Flashcards in Biostats Deck (32):
Case controlled study
(observational and retrospective)
compares cases of people with disease to people without disease, looking for Prior Exposure or Risk Factors
Data is analyzed by the Odds Ratio (tells what odds a person with a particular exposure will get the disease. e.g. COPD pts. have higher odds of a history of smoking than people without COPD)
Can happen if study is done in one place only
- happens when any factor in the study leads to subjects not being a representative sample of the general population
Absolute Risk Reduction (ARR)
Reduction in risk associated with a treatment compared to a placebo
ARR = Risk of control - Risk of treatment
e.g. if 8% of people who receive placebo get the flu v.s. 2% of people who receive flu vaccine, then ARR = 8% - 2% = 6%
(observational and prospective)
compares group WITH given exposure or risk factor to a group WITHOUT those exposures/factors
followed to see if disease develops.
Uses Relative Risk (e.g. smokers have a higher risk of developing COPD than nonsmokers)
"Who will develop the disease?"
SENSITIVITY (True + Rate)
probability that a person WITH dz. will have + test
Column 1: A/(A+C)
- SNOUT: want high sensitivity to rule out disease, especially if missing a disease is REALLY bad
e.g. ELISA for HIV
probability that a patient WITHOUT dz. will have (-) test
Column 2: D/(D+B)
- SPIN: want specificity to rule in disease, to confirm a likely diagnosis if a false + result may prove harmful
e.g. Western Blot
A/C / B/D --> AD/BC
estimate of relative risk that is used in case control studies
- odds that the group with the disease was exposed to a risk factor DIVIDED BY odds that the group without disease was exposed to a risk factor
RELATIVE RISK (Risk Ratio)
A/(A+B) / C/(C+D)
incidence of disease (exposed group) / incidence of disease (unexposed group)
how much more likely an exposed person is to get a disease compared to an unexposed person, used in Cohort studies
Positive Predictive Value (PPV)
portion of + test results that are True + (probability that a pt. with a + test truly HAS the dz.)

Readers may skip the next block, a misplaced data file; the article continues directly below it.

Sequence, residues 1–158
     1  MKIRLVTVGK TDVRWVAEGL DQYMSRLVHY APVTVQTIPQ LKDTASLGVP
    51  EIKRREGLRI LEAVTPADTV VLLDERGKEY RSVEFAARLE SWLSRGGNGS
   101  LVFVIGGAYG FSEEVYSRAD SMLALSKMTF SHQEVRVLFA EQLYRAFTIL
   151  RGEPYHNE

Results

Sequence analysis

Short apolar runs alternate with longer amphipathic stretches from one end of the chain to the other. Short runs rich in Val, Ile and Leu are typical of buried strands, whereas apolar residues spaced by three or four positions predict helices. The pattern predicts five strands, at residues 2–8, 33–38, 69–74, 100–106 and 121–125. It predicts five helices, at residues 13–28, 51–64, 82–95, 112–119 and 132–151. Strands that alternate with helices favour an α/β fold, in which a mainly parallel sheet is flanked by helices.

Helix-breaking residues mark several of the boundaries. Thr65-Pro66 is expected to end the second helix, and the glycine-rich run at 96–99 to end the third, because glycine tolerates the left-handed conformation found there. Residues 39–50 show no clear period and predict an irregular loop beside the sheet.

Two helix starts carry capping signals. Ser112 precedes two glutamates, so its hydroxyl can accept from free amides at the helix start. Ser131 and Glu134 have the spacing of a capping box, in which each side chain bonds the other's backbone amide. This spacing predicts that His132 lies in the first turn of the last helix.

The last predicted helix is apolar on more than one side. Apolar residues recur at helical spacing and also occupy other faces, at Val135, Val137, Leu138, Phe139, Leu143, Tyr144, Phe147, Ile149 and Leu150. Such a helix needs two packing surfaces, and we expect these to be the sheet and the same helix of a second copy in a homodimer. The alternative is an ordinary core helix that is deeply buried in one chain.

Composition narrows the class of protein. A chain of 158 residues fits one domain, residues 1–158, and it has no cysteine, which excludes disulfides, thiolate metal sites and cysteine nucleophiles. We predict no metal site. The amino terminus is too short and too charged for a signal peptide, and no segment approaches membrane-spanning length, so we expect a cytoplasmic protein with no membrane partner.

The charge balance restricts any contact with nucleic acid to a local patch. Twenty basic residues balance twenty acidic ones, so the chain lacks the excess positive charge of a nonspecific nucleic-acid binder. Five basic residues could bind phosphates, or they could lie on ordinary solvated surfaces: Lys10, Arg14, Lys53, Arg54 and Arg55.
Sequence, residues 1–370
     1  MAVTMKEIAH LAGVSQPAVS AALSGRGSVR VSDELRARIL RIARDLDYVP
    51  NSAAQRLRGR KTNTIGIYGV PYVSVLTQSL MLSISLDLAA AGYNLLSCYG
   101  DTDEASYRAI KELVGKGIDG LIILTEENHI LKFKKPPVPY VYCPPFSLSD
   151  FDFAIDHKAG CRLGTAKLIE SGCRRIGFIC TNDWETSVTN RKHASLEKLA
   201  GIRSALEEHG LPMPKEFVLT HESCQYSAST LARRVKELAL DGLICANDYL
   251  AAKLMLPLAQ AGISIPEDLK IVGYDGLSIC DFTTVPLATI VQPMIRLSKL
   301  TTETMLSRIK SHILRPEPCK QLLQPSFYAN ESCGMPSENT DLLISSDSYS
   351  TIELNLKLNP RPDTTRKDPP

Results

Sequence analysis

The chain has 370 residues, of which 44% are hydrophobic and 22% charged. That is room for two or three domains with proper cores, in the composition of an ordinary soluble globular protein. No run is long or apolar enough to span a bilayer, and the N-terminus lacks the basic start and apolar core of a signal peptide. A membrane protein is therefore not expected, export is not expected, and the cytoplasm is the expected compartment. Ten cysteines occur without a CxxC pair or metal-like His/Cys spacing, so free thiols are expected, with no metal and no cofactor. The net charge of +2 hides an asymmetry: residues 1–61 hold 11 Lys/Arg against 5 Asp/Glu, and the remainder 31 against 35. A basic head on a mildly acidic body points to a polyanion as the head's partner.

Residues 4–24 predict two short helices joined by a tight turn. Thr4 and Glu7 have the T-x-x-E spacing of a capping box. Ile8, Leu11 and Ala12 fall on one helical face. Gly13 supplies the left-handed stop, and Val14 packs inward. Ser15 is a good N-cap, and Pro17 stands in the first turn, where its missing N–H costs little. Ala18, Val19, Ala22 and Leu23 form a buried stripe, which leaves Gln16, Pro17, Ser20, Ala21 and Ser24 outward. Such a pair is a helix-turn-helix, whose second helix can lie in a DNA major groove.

The more specific a test, the higher its PPV.
The higher prevalence, the higher PPV.
1st row: A/(A+B)
Negative Predictive Value (NPV)
proportion of negative tests results that are True (-) probability that pt. with a - disease does NOT have dz.
The more sensitive a test, the higher its NPV.
The higher prevalence, the lower its NPV.
2nd row: D/(D+C)
+ Likelihood ratio formula
(diseased people with + result/non diseased with + result)
sensitivity/ (1 - specificity)
(-) Likelihood ratio formula
(diseased people with - result/non diseased with - result
(1 - sensitivity)/ specificity
Type I Error
concluding that there is a difference between groups when in fact there isn't
estimate of probability that differences could have happened by chance alone [
Type II Error
concluding that there i s NOT a difference between groups when in fact there IS
Confidence Interval (CI)
way of expressing statistical significance, reliability of an estimate
CI of 95% = p
- means that there is a 95% chance that the true Hazard Ratio is within the range of the confidence interval. So, if the CI contains 1.0, there is no difference between the two factors and the null hypothesis cannot be rejected.
Largest effect size, what do you choose?
Study with greatest power, what do you choose?
Best test, what do you choose?
Significant and powerful
Cross Sectional study
assess frequency of disease and related risk factors at a particular point in time
"What is happening?"
Compares monozygotic and dizygotic frequency
difference in risk between the exposed group and unexposed group
A/(A+B) - C/(C+D)
Number Needed to Treat
number of pts. who need to be treated for 1 pt. to benefit
1/ (Risk of control - Risk of treatment)
e.g. in the flu vaccine example of 8% -2% = ARR of 6% then number needed to treat is 1/.06 = 16
knowledge of presence of disorder alters subject recall
Nonrandom people in a study group
subjects not representative of general population
subjects in different groups not treated the same
a factor present is related to both exposure and outcome and distorts the effect of exposure on the outcome
group being studied changes its behavior due to knowledge that they are being studied
If HR for a scenario = 1, then both meds have the same likelihood of causing the symptom.
If HR > 1 then Drug A has greater likelihood than drug B, and opposite is true if HR
any study that includes blinding (e.g. double-blinding) prevents observational bias.